There are a few simple ways of speeding up your workflow in the office. The following tips were not devised by rocket scientists, so you won’t need any advanced technical skills to follow them yourself.
1. Pin To Taskbar
If you find yourself using a particular program frequently, you should consider pinning it to your taskbar. This will enable you to start it much more quickly than having to click the Start button and then hunt for it. To pin it to the taskbar, first of all find it by clicking Start (you may have to search in “All Programs”). When you see it in the list, right click on it and select Pin to Taskbar). The icon representing the program will appear immediately in the taskbar.
If you change your mind, you can always right click on the icon in the taskbar and select unpin this program from taskbar.
2. Recent Items
Whether you are in Microsoft Word, Excel or PowerPoint, when you click the File tab you’ll see the Recent tab on the left. Click on that to see listed all the documents, spreadsheets and presentations you’ve been working on recently.
Opening up the last document you worked on using this method can save you much more time than having to navigate Windows Explorer to find it. This is especially true when you work with complicated folder structures.
3. The Quick Access Toolbar
The Quick Access Toolbar is seen in all Microsoft Office programs in the top left of the workspace, above the File tab (by default). Initially, you will see the commands for Save, Undo and Redo displayed there, because these commands are used the most frequently. The Quick Access Toolbar is displayed whatever tab you’re working in, so you don’t need to jump between tabs to use these common commands.
So, if you find that you use a particular command frequently, you can save yourself time by adding it to the QAT. Find the command in the ribbon, right click on it and select Add to Quick Access Toolbar.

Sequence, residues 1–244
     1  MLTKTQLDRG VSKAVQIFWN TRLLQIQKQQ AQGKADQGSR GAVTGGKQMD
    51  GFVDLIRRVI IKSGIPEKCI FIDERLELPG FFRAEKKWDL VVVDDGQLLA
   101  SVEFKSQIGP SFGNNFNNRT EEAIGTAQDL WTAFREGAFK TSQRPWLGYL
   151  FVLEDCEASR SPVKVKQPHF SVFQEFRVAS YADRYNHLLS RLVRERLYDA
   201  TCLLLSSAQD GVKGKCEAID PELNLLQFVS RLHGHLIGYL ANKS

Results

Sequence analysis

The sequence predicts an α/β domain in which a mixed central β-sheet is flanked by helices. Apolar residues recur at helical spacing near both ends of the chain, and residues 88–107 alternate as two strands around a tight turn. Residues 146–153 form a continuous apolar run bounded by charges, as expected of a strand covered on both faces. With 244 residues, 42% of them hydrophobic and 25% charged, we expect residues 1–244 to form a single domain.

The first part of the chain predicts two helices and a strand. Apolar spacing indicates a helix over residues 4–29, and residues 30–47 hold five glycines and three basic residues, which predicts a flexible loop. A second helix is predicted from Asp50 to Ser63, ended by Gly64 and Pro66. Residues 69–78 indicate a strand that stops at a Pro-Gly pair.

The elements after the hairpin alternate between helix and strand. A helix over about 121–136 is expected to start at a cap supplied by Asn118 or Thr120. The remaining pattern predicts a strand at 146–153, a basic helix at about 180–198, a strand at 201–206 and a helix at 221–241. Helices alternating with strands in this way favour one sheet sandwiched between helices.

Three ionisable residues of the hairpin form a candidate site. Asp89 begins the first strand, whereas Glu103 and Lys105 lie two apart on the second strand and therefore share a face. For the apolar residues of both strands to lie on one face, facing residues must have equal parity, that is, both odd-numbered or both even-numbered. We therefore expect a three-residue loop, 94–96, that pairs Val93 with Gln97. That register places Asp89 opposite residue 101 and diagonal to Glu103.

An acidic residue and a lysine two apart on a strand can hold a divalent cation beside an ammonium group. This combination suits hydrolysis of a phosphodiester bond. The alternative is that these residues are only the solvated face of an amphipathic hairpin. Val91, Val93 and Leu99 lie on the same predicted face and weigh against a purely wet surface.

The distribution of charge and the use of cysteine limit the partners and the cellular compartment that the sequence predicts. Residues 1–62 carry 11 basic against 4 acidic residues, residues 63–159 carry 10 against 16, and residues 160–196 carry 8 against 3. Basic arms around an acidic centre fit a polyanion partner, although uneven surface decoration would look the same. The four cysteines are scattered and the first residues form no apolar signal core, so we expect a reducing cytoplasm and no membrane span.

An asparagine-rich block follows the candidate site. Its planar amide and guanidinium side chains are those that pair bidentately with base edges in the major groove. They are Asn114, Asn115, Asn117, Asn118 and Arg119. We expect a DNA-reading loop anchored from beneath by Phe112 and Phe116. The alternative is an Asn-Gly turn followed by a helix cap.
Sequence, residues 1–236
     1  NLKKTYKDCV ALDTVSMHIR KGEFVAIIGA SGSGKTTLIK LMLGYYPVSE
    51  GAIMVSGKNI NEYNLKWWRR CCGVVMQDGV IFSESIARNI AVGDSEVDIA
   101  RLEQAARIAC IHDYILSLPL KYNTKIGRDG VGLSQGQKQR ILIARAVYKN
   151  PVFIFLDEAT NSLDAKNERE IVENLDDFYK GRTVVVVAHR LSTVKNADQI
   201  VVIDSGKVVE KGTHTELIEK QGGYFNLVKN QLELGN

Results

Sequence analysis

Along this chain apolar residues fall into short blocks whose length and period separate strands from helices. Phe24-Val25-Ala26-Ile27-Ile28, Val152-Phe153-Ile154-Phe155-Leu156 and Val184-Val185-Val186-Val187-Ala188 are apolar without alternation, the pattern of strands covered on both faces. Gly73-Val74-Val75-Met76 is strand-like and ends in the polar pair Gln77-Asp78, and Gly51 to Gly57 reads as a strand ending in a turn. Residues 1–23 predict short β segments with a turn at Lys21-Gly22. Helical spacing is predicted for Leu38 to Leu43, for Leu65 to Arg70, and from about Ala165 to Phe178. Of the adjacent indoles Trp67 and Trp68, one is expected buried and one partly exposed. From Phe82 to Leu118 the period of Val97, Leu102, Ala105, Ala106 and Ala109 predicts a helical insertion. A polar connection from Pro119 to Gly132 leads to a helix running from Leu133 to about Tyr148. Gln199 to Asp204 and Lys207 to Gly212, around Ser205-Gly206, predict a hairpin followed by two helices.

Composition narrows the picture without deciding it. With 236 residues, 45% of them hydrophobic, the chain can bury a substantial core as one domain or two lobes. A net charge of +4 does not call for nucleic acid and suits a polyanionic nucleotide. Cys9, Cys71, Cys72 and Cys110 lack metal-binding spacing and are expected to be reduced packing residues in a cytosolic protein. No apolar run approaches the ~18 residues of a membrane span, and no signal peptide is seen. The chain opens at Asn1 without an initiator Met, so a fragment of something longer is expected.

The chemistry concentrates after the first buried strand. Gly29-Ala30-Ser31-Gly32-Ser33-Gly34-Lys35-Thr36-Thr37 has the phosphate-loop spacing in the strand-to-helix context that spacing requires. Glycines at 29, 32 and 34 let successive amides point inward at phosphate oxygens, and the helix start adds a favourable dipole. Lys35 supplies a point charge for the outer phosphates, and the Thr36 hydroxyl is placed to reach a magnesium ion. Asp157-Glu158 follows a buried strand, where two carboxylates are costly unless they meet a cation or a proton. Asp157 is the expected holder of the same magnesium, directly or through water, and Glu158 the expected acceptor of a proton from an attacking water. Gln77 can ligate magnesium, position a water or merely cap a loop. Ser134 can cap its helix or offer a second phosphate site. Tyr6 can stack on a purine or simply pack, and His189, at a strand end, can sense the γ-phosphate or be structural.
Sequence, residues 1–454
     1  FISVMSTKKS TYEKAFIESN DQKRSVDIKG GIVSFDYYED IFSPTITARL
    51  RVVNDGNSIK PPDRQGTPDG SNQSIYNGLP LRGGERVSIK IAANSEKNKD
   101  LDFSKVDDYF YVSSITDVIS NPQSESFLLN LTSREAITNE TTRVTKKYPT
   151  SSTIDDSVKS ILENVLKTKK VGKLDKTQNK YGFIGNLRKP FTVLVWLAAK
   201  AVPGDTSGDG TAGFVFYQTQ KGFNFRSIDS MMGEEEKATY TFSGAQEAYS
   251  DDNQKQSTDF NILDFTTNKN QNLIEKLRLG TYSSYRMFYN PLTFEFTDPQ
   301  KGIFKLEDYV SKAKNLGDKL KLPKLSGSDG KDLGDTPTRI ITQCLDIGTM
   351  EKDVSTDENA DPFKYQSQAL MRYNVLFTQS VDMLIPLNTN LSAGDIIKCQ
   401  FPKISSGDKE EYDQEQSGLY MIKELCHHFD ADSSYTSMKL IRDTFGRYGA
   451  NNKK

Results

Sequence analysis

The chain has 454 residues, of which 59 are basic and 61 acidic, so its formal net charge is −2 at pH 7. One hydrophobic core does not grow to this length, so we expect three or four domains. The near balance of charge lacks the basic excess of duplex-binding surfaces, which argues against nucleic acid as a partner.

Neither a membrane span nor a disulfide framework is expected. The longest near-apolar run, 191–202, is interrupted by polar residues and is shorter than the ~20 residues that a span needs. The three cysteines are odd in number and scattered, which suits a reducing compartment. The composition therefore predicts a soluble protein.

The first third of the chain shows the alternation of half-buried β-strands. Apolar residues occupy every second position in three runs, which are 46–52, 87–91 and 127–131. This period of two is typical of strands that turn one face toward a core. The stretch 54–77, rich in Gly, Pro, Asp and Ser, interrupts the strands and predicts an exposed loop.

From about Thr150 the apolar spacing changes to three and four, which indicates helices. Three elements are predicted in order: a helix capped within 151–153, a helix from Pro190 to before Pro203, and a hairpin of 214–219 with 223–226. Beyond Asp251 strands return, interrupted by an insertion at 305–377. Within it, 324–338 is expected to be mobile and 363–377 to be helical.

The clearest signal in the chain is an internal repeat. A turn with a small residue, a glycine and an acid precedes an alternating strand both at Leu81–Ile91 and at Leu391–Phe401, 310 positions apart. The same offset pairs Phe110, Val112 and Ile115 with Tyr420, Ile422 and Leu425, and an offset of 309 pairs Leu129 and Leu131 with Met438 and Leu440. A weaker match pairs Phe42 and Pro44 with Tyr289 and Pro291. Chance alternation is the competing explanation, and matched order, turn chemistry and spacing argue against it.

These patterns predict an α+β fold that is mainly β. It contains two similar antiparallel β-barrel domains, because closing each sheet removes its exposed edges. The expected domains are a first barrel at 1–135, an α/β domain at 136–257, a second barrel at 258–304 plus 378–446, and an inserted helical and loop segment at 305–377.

4. Keyboard Shortcuts
Most of your work in Office will probably involve typing content in via your keyboard. If you can find and memorise a keyboard shortcut for a particular command, then your hands can remain at the keyboard. Removing your hands from the keyboard, locating the mouse, moving the cursor around the screen, navigating to the desired tab in the ribbon to find the required command, and then returning the hands to thye keyboard all take time.
Often, the shortcut for a command is displayed in a tooltip that appears when you hover over the command. To get you started, here are some of the more commonly used shortcuts:
|Command||Keyboard Shortcut||Command||Keyboard Shortcut|
|grow font||ctrl+>||shrink font||ctrl+<|
|apply heading||ctrl+alt+1 (the number refers to the level of the heading)||insert hyperlink||ctrl+k|
|track changes||ctrl+shift+e||zoom in/out||ctrl+middle mouse wheel|
If you find yourself repeating the same sequence of steps over and over again, it may be appropriate to create a macro to perform them.
On the View tab (in all Office programs) you’ll see the View tab and over on the right there is the Macros group. Click on the down arrow beneath the Macros button and select Record Macro.
The Record Macro window allows you to name the macro, and assign it to a button in the QAT, or to a keyboard shortcut. Once you’ve entered those details, click OK and the cursor will change to a cassette icon. Perform each step of your task and when finished, click Macros > Stop Recording. You can then run the macro any time you need that sequence of steps performing.
6. Favorites In Windows 7
If you find yourself navigating to the same locations time after time in Windows 7, and especially if your folder structure involves many levels, those locations may be good candidates for adding to the Favorites folder.
Navigate to one such location, so that its path displays in the Windows Explorer address bar. Right click on the Favorites folder (not the current folder!) and select Add current location to Favorites.